15 Famous Art-Influenced Album Covers

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Is it odd when an ’80s New Wave band recreates an 1860s pre-Impressionist painting? Nah. Here you will find album covers that pay homage/allude to/imitate/rip-off famous works of art and iconic photographs, from almost near replicas to stealthy appropriations of the work’s key elements to tributes to specific artists’ very definitive styles. From the White Stripes’ very De Stijl De Stijl to Joni Mitchell in Van Gogh drag to Rembrandt à la Rammstein, see fifteen of our picks here. We’re sure there are many, many more. Feel free to leave your suggestions in the comments!

Bow Wow Wow’s The Last of the Mohicans (1982) album cover, a salacious take on Edouard Manet’s salacious Le déjeuner sur l’herbe (1863). Since Annabella Lwin was a minor, the album cover is even more scandalous than the controversial original.

Depeche Mode’s New Life (1981) is like Salvador Dalí’s Geopoliticus Child Watching the Birth of the New Man (1943), but without all of that geopolitical symbolism. “Complicating, circulating, new life, new life” is complicated enough.

The White Stripes’ De Stijl (2000) smacks of Piet Mondrian’s Composition With Red, Blue and Yellow (1930) minus yellow and blue. De Stijl-style indeed. Mondrian would have loved these these guys.

Joni Mitchell’s Turbulent Indigo (1994) is a redux of Vincent Van Gogh’s Self-Portrait with Bandaged Ear (1889). Oh, and also, “You wanna make Van Goghs/Raise ’em up like sheep/Make ’em out of Eskimos/And women if you please/Make ’em nice and normal/Make ’em nice and neat/You see him with his shotgun there?/Bloodied in the wheat?/Oh what do you know about/Living in Turbulent Indigo?” Heavy.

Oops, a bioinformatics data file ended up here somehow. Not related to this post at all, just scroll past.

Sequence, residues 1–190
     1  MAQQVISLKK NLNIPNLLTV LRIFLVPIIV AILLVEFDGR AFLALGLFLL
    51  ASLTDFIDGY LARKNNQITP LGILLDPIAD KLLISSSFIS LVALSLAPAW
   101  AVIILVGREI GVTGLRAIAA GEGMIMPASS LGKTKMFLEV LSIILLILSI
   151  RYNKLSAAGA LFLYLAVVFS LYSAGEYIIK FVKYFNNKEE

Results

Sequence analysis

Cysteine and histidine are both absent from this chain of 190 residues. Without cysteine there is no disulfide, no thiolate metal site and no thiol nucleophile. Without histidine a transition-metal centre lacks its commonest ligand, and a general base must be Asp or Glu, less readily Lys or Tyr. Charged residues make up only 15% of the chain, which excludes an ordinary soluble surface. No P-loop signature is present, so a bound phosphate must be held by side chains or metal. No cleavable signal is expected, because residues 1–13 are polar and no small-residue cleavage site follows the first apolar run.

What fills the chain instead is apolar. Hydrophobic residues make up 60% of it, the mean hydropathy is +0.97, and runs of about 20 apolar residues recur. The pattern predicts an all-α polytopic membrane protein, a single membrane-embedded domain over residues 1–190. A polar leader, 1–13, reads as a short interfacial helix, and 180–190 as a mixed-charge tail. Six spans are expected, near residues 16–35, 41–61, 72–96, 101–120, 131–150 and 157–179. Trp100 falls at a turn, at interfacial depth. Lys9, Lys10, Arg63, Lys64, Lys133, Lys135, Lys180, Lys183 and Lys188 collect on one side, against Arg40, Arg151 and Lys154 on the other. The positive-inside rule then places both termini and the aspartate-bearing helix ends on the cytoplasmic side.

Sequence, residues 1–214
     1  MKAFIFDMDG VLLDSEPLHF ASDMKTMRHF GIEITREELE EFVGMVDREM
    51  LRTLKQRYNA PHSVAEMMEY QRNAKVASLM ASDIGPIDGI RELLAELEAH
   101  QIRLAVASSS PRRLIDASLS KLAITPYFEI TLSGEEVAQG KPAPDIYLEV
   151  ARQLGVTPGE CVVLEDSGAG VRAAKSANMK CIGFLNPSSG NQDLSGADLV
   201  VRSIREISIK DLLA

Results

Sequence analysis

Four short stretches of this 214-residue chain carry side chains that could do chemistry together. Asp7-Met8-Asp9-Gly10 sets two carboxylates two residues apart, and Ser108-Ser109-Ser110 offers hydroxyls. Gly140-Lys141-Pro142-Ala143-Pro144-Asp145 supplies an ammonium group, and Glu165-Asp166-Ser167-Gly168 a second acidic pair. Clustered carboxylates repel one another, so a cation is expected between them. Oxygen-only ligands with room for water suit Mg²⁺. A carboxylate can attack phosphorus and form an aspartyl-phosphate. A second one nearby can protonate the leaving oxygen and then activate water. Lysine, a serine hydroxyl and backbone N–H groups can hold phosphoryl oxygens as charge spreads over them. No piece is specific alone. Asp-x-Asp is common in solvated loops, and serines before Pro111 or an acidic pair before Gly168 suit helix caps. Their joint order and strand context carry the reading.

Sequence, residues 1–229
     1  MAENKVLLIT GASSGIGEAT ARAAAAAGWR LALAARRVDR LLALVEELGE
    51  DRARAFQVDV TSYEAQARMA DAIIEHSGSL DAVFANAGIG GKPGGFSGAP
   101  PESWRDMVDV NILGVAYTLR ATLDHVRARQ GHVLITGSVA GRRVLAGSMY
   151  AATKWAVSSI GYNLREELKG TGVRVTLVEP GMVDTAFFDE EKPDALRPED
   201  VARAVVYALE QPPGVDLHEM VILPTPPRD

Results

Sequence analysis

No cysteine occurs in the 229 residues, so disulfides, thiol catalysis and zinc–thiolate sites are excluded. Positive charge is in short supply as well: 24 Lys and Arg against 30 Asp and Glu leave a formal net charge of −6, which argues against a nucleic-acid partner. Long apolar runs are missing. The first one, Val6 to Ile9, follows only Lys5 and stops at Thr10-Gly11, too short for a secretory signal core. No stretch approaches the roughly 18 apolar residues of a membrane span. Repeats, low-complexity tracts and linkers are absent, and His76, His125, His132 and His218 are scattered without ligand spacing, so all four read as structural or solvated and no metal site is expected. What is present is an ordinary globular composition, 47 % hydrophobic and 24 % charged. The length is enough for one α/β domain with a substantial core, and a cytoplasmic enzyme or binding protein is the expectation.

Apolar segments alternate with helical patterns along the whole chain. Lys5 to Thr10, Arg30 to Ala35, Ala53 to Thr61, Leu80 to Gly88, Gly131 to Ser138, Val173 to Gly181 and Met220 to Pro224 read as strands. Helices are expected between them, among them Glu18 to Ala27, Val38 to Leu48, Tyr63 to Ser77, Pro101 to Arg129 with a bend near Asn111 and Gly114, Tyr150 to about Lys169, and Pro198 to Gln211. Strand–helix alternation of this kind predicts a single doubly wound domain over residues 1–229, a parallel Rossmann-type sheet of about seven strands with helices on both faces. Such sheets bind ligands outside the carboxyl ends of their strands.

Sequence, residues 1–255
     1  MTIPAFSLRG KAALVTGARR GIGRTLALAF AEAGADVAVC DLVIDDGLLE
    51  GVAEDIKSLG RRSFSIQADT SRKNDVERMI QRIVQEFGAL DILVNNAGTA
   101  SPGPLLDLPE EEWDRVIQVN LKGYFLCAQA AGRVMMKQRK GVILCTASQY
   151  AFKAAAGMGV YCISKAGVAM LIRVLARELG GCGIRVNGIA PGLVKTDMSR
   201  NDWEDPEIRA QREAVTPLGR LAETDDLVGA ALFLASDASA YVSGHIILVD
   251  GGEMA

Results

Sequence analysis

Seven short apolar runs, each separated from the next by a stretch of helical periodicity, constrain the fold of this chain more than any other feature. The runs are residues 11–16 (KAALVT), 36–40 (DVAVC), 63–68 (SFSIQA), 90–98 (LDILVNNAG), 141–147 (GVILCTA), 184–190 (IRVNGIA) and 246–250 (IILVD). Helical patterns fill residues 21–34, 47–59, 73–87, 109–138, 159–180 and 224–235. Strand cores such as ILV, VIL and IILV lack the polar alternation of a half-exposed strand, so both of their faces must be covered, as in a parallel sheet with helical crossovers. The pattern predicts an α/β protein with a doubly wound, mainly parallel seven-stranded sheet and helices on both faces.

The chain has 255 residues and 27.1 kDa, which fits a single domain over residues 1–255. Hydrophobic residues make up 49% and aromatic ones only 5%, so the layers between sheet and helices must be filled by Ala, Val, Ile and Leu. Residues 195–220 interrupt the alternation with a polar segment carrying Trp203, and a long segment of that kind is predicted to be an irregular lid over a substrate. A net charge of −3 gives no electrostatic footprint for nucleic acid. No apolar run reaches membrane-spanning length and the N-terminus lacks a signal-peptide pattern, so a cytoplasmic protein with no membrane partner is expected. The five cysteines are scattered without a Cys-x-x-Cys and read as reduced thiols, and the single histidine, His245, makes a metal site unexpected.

Tori Amos’ Strange Little Girls (2001) project features 12 covers of songs originally performed by men — Tom Waits, Depeche Mode, the Velvet Underground, etc. The cover appropriately and quite obviously rips off Cindy Sherman. Could have dropped that info into the Wiki, Internet, ey?

By All Means Necessary (1988) was the second album from Boogie Down Productions. As suggested by the title, KRS-One’s album cover pose references a well-known Malcolm X photo as he leans out the window, armed to protect himself after his home had been firebombed.

Fleetwood Mac’s Tango In The Night (1987) is Henri Rousseau’s Charmeuse De Serpent (1907) without the lady. With sparkles.

The Pogues’ Rum, Sodomy & the Lash (1985) takes its inspiration from Théodore Géricault’s The Raft of the Medusa (1819). A popular little motif, isn’t it, Annie Leibovitz?

Charming Hostess’ Eat (1998) appropriates Alexander Rodchenko’s Untitled (1923), which was used for a cover of Mayokovsky poetry, and has nothing at all to do with eating. But it was really Franz Ferdinand that took that Constructivist and Soviet propaganda stick and ran with it.

Florence and the Machine’s Lungs (2009) sees Frida Khalo’s The Two Fridas (1939), and takes wearing your organs on the outside to the next level. Accessory swag.

Factory Records’ famed record sleeve designer Peter Saville took some flack for his “literal” interpretation of Fortunato Depero’s Futurist poster from 1932 for New Order’s Movement (1981).

Heart’s Greatest Hits (1998) channels one of Rene Magritte’s greatest hits, The Therapist (1937).

Rammstein’s Liebe ist für alle da (2009) is a lot like Rembrandt’s The Anatomy Lesson of Dr. Nicolaes Tulp (1632), and save for the nudity and Till Lindemann’s flirtation with cannibalism with the chopping knife over there, it’s actually tamer.

Jay-Z’s The Blueprint (2001) actually started this entire search when a Flavorwire commenter pointed out that Hova jocked from Jocelyn Bain Hogg’s British gangster series, specifically Dave Courtney discusses his life of crime at the Oxford University Union .

This is the back of Cyndi Lauper’s She’s So Unusual (1983), and that’s Vincent Van Gogh’s Starry Night (1889) on the soles of her shoes. Uh, so cliché. And yet…want!